# Linearly dependent

• Mar 9th 2011, 05:09 PM
Barthayn
Linearly dependent
What does linearly dependent mean? My teacher and textbook do not teach nor define it. What is it? An example of one is found below, however, how does one solve it?

17. Determine if the following vectors are linearly dependent.
u = [4, 1, 0], v = [-8, 5, 2,], w = [0, 7, 2].

How does one solve this and prove that it is linearly dependent?
• Mar 9th 2011, 05:37 PM
Chris L T521
Quote:

Originally Posted by Barthayn
What does linearly dependent mean? My teacher and textbook do not teach nor define it. What is it? An example of one is found below, however, how does one solve it?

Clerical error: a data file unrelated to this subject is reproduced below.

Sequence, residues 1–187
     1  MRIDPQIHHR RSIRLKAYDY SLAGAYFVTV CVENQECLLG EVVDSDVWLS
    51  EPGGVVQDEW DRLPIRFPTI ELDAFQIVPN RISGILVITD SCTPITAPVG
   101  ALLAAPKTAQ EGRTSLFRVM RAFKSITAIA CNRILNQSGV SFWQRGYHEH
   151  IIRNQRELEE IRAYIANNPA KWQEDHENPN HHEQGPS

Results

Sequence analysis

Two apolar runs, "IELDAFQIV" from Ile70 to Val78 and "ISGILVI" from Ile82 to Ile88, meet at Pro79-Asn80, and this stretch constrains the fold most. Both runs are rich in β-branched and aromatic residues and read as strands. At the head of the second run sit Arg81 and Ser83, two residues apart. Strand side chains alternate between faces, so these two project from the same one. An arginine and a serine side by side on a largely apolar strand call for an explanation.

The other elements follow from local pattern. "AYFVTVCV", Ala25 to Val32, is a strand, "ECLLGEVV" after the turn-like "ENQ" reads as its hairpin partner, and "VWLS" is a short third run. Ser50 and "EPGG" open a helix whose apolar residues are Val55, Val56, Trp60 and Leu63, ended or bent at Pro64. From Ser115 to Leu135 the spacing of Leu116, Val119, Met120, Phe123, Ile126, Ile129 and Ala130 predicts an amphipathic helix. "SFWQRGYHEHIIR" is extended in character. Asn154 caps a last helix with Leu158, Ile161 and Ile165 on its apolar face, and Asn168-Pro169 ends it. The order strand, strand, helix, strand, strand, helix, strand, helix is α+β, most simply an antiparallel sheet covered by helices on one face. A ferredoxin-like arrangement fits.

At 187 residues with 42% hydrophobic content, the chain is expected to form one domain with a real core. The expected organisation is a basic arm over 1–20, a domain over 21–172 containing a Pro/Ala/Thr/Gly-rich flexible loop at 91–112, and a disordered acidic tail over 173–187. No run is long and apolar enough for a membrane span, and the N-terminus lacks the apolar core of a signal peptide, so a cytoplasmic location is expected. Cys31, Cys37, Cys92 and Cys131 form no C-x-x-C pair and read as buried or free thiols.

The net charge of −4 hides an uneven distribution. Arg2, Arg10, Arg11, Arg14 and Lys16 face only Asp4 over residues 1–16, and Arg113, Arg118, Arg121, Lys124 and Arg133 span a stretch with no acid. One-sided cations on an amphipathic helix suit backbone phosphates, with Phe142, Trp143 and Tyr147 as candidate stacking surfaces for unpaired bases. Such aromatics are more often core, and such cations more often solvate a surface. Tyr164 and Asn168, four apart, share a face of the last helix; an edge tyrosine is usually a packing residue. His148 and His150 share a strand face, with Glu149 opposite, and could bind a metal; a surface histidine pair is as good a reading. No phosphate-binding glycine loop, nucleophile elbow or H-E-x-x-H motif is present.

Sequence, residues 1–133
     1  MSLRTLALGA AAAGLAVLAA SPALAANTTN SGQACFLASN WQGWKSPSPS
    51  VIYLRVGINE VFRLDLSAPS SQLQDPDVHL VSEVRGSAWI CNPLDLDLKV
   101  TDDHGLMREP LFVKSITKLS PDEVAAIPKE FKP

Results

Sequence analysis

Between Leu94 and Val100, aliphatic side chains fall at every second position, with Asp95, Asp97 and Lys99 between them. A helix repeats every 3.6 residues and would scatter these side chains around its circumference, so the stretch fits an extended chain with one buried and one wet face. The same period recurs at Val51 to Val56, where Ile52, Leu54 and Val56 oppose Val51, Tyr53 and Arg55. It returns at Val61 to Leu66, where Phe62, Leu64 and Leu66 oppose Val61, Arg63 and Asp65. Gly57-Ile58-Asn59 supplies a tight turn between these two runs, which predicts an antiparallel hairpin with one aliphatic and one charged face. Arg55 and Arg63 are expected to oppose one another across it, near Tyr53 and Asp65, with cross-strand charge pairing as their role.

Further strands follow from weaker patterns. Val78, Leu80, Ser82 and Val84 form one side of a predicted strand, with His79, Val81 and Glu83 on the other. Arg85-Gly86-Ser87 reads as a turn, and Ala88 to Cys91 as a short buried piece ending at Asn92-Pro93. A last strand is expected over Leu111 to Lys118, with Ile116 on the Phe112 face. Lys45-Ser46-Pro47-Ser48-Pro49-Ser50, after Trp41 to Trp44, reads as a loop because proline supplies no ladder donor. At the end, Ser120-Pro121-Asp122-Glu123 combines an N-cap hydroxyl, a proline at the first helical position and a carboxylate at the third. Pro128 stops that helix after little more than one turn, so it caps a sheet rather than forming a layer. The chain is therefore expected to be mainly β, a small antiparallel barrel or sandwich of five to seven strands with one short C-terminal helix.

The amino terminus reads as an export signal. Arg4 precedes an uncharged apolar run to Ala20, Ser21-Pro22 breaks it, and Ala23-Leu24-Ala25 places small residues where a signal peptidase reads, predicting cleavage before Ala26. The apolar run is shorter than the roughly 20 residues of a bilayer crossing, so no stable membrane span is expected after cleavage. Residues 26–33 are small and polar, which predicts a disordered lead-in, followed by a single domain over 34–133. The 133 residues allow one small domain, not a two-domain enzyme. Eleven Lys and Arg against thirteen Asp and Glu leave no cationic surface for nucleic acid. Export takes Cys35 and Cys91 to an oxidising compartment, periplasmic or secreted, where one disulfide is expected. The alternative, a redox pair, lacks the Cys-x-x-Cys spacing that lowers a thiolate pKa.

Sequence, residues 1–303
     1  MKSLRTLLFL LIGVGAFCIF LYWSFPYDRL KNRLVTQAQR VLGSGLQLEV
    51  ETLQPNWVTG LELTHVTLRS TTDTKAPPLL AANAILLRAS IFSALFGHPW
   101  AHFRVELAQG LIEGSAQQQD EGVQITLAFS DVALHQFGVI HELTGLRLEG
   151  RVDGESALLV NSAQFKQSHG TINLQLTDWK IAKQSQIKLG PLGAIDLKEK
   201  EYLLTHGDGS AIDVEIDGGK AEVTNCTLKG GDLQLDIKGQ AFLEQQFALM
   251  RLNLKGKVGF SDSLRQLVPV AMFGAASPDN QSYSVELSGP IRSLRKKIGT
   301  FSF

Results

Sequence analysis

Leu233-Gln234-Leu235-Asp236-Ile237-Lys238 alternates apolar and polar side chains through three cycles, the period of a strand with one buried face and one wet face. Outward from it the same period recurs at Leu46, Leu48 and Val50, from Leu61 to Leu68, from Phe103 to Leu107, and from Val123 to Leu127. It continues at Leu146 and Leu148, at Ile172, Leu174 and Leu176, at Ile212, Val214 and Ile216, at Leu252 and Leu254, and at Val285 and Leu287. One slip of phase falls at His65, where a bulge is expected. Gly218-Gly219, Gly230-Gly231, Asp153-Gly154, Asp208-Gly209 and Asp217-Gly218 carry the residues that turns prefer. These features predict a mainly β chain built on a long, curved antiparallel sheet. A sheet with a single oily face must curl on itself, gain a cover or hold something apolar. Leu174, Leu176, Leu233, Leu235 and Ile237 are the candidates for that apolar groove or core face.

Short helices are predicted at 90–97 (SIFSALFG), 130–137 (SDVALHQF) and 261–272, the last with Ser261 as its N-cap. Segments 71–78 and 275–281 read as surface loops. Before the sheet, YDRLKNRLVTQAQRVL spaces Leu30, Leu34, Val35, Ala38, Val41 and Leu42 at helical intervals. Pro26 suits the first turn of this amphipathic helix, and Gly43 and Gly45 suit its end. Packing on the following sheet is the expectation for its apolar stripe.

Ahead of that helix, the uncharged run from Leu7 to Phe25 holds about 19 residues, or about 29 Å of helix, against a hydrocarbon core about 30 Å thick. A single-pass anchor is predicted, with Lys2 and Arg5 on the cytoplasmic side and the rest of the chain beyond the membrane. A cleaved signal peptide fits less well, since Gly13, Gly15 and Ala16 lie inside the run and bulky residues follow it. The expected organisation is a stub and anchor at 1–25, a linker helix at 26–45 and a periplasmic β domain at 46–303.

17. Determine if the following vectors are linearly dependent.
u = [4, 1, 0], v = [-8, 5, 2,], w = [0, 7, 2].

How does one solve this and prove that it is linearly dependent?

A set of vectors $\{\mathbf{u},\,\mathbf{v},\,\mathbf{w}\}$ is said to be linearly dependent if $\exists\,\alpha,\,\beta,\,\gamma$ not all zero such that $\alpha\mathbf{u}+\beta\mathbf{v}+\gamma\mathbf{w}= \mathbf{0}$.

So in your question, do there exists constants $\alpha,\,\beta,\,\gamma$ not all zero such that $\alpha[4,1,0]+\beta[-8,5,2] +\gamma[0,7,2]=[0,0,0]$?

Spoiler:
There is a linear dependence, but I leave it for you to find what constants make it linearly dependent.
• Mar 9th 2011, 05:46 PM
topspin1617
Not to be antagonistic, but I find it difficult to believe that a textbook on Matrix Theory/Linear Algebra/anything to do with vectors wouldn't define the concept of linear (in)dependence.